What many people forget about the liturgy is that what we see is more powerful than what we hear. We know that a visual image is more powerful than hearing, but we seem to forget that when we come to church. Because vision is more powerful than hearing it is important to make an effort to make the church–and especially the sanctuary of the church beautiful and inspiring.

What often happens, nowdays, however, is that beauty is the last thing the church designer thinks of. Utilitarianism rules. So the main concern is, “where will everyone sit?” or “where will we put the sound system?” or “Do we have the air conditioning vents in the best place?” The utilitarianism extends to other questions as well. I heard of one well meaning church designer who said, “The main aim in designing the church is that it is warm and welcoming.” They ended up with soft lighting, pastel color schemes, comfortable pews and cozyness. Others have said, “The main thing is that the altar is seen by everyone.” Other times images are placed in the church for utilitarian reasons or to obey some rubric or tradition or some earnest desire for a particular devotion without any sense of unity, beauty or design to the church. So the church will be designed solely with sight lines for the altar in mind, or it will be cluttered up with lots of inappropriate but worthy images.

Most often modern church buildings are designed by architects with no history of the tradition. They build functional, cheap buildings which are easy to maintain, comfortable and with a suitable heating and sound system. Then they make it ‘look like a church’ by adding fake arches with two by fours and plasterboard. They design a church with the same mentality as they design an Italian restaurant. “Let’s build a place for people to sit with a kitchen attached and then make it look like a Tuscan villa–Mexican restaurant? We’ll make it look like a hacienda. You want Indian? What about a mini Taj Mahal. It’s all fake and Disney-esque. They build the church with the same mentality–“We got a functional box for you here. You want Romanesque? We can do that. A few fiberglass pillars and some plasterboard and hey, you got Romanesque. You want Gothic? We’ll make the arches pointed.” Instead of real, integrity of design and beauty that is deep within the whole structure you get a cosmetic effect. It’s sort of the botox and facelift school of architecture.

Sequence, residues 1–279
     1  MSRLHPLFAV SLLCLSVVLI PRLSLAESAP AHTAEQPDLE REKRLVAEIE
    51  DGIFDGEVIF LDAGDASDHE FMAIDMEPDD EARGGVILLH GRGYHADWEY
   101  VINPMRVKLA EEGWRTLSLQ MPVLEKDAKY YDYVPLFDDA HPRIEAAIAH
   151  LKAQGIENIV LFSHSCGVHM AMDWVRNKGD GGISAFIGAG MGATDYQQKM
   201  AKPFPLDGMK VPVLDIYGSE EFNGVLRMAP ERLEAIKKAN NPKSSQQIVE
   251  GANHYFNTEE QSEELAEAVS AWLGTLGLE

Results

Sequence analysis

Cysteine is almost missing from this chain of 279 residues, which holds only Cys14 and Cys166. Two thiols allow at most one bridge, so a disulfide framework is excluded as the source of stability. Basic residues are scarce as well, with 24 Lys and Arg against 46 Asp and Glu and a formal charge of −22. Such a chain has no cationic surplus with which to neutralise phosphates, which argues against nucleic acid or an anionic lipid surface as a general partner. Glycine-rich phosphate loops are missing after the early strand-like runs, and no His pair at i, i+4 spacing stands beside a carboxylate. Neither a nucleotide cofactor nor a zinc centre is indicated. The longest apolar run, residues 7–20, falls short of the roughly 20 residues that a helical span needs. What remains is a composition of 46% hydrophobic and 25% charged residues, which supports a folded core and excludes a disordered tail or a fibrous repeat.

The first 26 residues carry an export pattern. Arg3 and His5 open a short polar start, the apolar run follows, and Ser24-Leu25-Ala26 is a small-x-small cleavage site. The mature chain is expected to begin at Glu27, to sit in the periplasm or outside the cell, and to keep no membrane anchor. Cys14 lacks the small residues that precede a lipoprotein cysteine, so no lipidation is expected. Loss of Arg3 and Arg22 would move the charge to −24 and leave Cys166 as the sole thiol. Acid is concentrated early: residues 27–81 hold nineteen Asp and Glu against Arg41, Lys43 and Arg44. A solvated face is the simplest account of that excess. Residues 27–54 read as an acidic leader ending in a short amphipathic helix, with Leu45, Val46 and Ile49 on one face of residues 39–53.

Instead the church should be designed with the big picture in mind. The beauty of the architecture should start with the first drawings and the inspirational look of the church should be integral to the whole design and construction. In designing the church interior, you ask, where is the eye drawn when one enters the church? It should be to the altar and the tabernacle beyond. Anything that is distracting should be removed, and all images and furniture in their design, color and size should be secondary to the altar. There should also be a vertical ‘attitude’ to the design of the church. The heart should lift with height and spaciousness in the design. The design should also be hierarchical. That is to say, the ancient three fold pattern of the Jewish temple should be incorporated–a place for the people, a place for the sacrifice and a place beyond which is the Holy of Holies. This helps to draw the individual up and away from himself and the people around him and focus his mind and heart on God.

There is much more that can be said about the visual in church design and decoration, but another principal that should be stressed is that nothing in the liturgy should draw attention to itself and away from the altar and the action of the sacrifice of the Mass. Choirs up front as performers? Nix. Worship leaders and lectors up front as soloists? Nix. Choir music that is so wonderful (or so awful) that it draws attention to itself? No. Servers who are so wonderful (or awful) that they draw attention? No. Vestments or liturgical innovations that are ‘creative’ or ‘sincere’ but draw attention to themselves? No. The visual in church should be subtle, understated and traditional. Stuff that is modern and ‘clever’ draws attention to itself and is unworthy. Remember Ogden Nash’s dictum, “Here is a good rule of thumb: too clever is dumb.”

Some will complain that this puts everything in the hands of the aesthete. Good taste and the enjoyment of fine and costly things in church also has to be subject to the worship of the Lord. It is possible to go to the other extreme and make the church so fussy and pretty and to spend so much money on making it look good that the real purpose of it all is also lost. All should be done modestly, with good taste and expenditure of solid, mid range good quality stuff. Materials and workmanship that are cheap and shoddy do not give glory to God, but likewise, materials and workmanship that are inordinately expensive and luxurious cause scandal. It is bad to have cheap felt banners, polyester vestments and tin cups for chalices, but it is also a ridiculous scandal when you learn that a Poor Clare monastery has a tabernacle encrusted with diamonds.

Balance is beauty and beauty is balance.